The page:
Big chance that your store on Facebook or Instagram can be found. The question is what you do with it. Getting Likes for an announced sale is fun, but building a good relationship with fans of the store much more fun. It is possible. Textilia together with Richard Derks from IIZT, social and digital creatives explain in a series about successful social engagement how you can easily do this.
In episode one in this series Richard Derks explained why social media is so important for reaching your community. It is important to know where your community meets online and what brings them together. Have you joined a group once or do you have your own community built? Then it is time to keep this group together. And how can you do this better than organizing events? “Make it happen”, says Derks.
You have to look carefully at what is happening around you. “It is logical that a community is built around a place of residence. Focus on local events.” Good examples are city festivals, fairs, annual fairs, sporting events, beginning of the school year. “There are lots of events that you can take part in and with special promotions and themes. You can also start new events yourself. Think of fashion shows and VIP customer evenings when the new collections arrive in the store.”
Like a train
Facebook is an ideal platform to start an event. You and other visitors see immediately if there is interest and who is coming. Your fans like the page and their friends see that in their timeline. In this way the event spreads very rapidly. “If you want to spend marketing budget, promote your event via paid advertising, aimed at target groups in the region. This is how a Facebook event works as a megaphone, “says Derks.
“In addition, bring your community to work. Make the event attractive enough. Take lots of photos, share, create your own hashtag, make a movie, give goodie bags and discount vouchers etc. Do not make your event sales-related, it may also provide good publicity in local media .” Instead of the old-fashioned folder and placards on the shop window, you can quickly and free of charge reach a large group of consumers via Facebook. And imagine what the collaboration with other local entrepreneurs can do for the rollout of your event.
Sales is a side issue
Also (inter) national happenings affect the life of your community. The trick is to draw them to you, says Derks. A perfect example according to him is cycling clothing brand Rapha. In their (online) stores the sale of clothing has become an afterthought. The special locations ‘club houses’ for cycling enthusiasts are more important for the brand. The group of loyal fans of the brand is growing by the day. The brand facilitates joint journeys, has its own (paid) cycle club, organizes cycling trips and during the Tour de France they watch the matches together. Consumer would like to spend a bit more on the clothes and a membership of Rapha to join that club.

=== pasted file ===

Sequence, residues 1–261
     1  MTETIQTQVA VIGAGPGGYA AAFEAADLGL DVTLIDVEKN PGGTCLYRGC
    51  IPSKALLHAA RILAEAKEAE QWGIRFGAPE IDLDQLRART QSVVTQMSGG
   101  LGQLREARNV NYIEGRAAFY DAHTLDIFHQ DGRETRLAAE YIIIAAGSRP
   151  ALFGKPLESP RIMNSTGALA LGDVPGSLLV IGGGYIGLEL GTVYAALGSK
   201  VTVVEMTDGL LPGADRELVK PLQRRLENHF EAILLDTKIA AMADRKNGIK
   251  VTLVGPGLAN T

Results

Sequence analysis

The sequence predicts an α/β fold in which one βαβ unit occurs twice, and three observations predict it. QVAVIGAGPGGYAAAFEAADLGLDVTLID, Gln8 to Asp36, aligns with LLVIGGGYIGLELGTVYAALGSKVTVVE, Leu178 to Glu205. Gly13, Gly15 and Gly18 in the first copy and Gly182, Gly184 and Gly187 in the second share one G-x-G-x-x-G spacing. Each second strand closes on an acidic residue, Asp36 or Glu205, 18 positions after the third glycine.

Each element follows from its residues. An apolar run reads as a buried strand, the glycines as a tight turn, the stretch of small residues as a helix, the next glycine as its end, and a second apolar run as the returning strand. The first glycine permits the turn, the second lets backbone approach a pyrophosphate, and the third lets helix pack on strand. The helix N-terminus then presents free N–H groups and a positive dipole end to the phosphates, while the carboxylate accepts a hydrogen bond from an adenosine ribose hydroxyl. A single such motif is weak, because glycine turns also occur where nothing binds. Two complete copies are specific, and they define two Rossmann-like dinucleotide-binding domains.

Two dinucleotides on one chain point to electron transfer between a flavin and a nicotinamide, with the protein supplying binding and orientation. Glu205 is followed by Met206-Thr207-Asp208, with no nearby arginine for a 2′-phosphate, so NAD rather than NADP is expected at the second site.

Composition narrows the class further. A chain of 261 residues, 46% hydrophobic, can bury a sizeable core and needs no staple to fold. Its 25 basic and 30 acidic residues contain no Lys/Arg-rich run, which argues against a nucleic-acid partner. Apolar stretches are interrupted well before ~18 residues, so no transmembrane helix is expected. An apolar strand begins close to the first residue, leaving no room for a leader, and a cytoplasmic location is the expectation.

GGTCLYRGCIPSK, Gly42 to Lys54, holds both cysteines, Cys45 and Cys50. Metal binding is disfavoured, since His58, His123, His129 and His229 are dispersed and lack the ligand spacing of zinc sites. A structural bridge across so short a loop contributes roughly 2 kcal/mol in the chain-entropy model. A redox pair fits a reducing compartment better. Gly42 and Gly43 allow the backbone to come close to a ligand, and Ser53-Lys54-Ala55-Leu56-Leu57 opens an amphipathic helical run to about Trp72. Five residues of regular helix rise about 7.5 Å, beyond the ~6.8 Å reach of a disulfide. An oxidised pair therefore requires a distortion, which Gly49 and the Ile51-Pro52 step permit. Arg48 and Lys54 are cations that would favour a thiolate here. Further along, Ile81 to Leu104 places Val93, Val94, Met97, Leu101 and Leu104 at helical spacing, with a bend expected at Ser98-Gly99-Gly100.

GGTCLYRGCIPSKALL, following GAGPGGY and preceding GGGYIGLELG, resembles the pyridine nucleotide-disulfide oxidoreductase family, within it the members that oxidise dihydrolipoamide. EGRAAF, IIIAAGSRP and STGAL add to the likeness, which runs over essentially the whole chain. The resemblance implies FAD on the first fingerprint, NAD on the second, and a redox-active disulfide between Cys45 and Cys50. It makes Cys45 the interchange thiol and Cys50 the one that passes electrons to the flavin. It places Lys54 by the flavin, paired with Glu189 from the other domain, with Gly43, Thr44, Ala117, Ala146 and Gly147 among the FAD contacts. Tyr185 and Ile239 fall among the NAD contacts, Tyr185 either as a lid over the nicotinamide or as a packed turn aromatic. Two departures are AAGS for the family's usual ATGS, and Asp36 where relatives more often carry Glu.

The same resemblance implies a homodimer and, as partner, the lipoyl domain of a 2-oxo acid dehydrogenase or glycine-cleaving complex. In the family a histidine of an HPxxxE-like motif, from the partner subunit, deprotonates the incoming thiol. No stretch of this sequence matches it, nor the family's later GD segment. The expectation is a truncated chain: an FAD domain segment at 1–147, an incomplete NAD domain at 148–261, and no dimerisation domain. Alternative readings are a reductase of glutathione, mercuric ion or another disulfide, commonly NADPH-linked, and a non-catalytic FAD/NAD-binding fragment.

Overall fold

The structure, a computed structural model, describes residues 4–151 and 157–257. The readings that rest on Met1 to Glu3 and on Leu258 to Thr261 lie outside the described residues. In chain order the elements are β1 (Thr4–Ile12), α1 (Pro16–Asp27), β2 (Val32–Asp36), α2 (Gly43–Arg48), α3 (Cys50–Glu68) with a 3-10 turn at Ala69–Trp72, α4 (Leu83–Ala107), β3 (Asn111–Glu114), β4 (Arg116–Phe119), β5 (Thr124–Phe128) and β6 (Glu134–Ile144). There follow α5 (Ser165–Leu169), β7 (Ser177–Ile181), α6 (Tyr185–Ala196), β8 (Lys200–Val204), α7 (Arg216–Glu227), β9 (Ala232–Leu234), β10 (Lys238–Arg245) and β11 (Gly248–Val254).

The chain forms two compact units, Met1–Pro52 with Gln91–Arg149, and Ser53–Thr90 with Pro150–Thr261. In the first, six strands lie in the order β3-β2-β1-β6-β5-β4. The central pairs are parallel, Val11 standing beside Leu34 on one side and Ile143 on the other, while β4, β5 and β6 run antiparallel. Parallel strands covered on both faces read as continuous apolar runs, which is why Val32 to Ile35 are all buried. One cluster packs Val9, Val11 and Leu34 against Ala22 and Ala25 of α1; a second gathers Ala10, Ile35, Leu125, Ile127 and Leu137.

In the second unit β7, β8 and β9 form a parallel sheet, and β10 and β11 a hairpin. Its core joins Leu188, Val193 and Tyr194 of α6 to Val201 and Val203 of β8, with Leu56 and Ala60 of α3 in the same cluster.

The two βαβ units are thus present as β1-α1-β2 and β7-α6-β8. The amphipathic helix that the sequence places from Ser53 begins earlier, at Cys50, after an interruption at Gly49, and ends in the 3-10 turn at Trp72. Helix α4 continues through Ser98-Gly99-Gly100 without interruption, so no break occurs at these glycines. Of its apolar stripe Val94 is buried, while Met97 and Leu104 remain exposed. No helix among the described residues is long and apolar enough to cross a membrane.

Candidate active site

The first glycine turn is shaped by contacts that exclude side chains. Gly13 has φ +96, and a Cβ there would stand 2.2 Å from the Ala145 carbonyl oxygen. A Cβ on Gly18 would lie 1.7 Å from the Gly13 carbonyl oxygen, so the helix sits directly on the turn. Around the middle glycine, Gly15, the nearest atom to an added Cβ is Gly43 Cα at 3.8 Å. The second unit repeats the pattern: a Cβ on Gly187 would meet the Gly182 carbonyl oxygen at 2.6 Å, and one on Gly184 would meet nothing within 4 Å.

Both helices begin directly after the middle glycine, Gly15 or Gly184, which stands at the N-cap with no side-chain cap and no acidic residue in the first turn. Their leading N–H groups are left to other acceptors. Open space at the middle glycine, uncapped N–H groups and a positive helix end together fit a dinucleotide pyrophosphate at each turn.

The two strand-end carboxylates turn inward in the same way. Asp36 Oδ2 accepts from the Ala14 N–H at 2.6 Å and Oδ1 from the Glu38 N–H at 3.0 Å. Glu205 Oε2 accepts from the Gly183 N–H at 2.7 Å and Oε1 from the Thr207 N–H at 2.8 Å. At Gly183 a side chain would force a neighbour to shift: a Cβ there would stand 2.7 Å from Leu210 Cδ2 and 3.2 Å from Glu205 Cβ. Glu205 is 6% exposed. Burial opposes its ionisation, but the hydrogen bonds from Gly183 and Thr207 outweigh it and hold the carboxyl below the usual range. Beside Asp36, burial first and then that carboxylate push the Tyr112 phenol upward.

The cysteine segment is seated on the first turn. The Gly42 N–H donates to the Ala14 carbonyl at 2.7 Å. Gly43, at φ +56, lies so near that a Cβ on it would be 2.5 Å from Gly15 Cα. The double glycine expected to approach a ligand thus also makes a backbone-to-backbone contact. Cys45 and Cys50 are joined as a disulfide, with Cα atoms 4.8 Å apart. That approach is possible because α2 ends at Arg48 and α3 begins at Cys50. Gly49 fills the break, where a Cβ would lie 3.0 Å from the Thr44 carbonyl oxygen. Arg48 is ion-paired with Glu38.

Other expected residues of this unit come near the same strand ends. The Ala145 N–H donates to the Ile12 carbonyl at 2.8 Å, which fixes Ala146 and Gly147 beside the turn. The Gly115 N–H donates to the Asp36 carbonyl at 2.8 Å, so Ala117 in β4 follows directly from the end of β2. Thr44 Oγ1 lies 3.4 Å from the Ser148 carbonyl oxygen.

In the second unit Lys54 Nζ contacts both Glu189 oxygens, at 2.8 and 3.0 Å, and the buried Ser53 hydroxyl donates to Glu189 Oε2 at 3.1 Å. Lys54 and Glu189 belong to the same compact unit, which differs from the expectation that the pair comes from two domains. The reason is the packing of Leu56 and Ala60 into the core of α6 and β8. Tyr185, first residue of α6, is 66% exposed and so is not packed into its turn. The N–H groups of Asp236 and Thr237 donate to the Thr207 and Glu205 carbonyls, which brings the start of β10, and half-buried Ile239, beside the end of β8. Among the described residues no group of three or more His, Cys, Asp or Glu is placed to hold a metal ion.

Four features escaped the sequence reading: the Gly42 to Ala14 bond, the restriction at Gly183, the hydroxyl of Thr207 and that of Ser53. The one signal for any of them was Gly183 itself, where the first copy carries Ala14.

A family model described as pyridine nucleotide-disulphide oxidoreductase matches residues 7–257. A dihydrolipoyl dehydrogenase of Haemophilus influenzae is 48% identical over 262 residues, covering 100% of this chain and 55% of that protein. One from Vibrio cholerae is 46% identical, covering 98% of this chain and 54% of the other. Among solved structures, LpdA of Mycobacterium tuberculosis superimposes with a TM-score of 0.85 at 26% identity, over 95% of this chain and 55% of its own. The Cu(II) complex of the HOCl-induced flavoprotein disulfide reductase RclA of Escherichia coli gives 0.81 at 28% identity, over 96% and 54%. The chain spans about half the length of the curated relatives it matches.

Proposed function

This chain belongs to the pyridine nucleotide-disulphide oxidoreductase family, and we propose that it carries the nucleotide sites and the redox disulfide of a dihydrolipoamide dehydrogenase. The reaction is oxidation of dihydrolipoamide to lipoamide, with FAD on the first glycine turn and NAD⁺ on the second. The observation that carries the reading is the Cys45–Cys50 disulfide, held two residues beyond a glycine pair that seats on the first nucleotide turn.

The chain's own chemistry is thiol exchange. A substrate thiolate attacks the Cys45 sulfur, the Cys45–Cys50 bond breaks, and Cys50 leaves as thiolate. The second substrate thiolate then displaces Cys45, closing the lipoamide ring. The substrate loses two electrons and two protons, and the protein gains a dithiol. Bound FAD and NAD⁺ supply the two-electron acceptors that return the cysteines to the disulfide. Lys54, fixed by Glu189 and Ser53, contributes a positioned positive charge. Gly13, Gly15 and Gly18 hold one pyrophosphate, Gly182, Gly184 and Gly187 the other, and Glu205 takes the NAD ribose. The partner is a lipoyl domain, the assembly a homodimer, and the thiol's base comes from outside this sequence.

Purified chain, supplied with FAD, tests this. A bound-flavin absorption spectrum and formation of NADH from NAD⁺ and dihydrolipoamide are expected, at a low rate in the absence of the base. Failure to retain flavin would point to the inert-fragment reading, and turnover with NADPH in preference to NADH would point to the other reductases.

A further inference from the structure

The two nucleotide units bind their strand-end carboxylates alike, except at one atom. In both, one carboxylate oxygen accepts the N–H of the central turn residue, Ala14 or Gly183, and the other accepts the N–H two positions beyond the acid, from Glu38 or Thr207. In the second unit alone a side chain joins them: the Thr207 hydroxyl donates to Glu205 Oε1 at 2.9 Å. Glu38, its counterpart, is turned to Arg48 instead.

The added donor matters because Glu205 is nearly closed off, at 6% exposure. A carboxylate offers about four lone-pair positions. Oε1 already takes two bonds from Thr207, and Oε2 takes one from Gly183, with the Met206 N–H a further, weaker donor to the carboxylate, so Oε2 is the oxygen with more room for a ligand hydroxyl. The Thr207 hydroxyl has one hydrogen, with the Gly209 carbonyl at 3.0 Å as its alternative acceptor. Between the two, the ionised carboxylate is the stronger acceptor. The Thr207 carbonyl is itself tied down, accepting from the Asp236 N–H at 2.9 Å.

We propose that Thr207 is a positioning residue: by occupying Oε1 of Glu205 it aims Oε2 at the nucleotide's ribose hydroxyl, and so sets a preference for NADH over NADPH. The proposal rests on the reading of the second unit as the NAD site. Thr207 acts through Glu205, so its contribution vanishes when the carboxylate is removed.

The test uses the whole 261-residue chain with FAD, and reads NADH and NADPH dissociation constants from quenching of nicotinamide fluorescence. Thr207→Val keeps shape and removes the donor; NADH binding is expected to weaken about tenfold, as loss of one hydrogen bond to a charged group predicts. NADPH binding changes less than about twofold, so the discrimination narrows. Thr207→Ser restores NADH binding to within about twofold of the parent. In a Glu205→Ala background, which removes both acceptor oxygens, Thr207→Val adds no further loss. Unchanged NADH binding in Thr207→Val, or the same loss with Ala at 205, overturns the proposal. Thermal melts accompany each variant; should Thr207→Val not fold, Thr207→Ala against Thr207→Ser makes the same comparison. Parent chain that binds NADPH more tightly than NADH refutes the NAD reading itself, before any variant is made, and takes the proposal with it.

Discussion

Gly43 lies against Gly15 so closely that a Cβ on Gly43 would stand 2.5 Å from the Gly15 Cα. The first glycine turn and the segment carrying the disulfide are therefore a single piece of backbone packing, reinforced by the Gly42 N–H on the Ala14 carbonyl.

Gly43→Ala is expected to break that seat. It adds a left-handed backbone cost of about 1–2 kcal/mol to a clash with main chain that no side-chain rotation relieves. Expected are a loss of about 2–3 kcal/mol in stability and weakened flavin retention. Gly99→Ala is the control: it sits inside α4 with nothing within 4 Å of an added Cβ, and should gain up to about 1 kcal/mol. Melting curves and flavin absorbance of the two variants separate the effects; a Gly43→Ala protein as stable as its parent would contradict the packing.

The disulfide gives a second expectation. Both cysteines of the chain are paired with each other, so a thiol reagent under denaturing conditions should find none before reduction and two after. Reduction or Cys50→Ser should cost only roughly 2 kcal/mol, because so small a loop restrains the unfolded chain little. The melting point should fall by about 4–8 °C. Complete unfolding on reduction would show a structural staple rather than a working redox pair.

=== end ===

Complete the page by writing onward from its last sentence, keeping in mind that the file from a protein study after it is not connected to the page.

“With an event like watching the Tour, you connect people with the same passion. The good thing is that this is applicable to everything. Like the Junior Eurovision Song Contest for the community of a children’s clothing store. Why not to rent a (cinema) room and watch together the finale? “Or watch together to bake the results of “Heel Holland bakt”, “Boer zoekt vrouw”, “Project Runway”, you name it. As long as it fits with the environment of your community. “Keep it small and understandable. With special customer evenings you will certainly strengthen the bond with customers, but you can think beyond ‘how do I get rid of my collection’. A small baking cakes workshop from the local confectioner will certainly appeal to the Holland bakt target group.”
12 reasons to make a Facebook event
1. Free publicity. People see that a Facebook friend is going to an event. These are people who probably live in the same region and fall into the same target group.
2. Communicate new information. Fans who attend an event will receive a pop-up of all changes and messages on the event page by default.
3. Offer extra content. These are also seen by ‘friends of’. Examples are interviews, backstage videos, interviews.
4. Extra contact moment after the event. Share how great the event was!
5. Draw visitors to events in a new season. Chances are that the same fans (and their friends) will visit the event again.
6. Directly in the calendar of visitors. The event is automatically added to the events calendar on Facebook.
7. Automatic reminder via pop-up. By default, Facebook sends visitors a pop-up reminder on the day of the event.
8. Collect all messages with hashtags. Like twitter, Facebook has embraced the hashtags.
9. Build up tension to the event. Count the days by means of a countdown.
10. Promote your event to new target group. Not everyone comes into contact with your event on their own. Promote your event to a specific target group.
11. Stand out at related events. Your events will be shown as ‘related events’ at other events.
12. Make visitors check in at your official page. Everyone can create their own Facebook page and Facebook has already created a page at many visited places.
Source: Marketing Facts
You’re always welcome at Prinseneiland. Call us and reserve time for a first date. 020-6933131 or mail firstname.lastname@example.org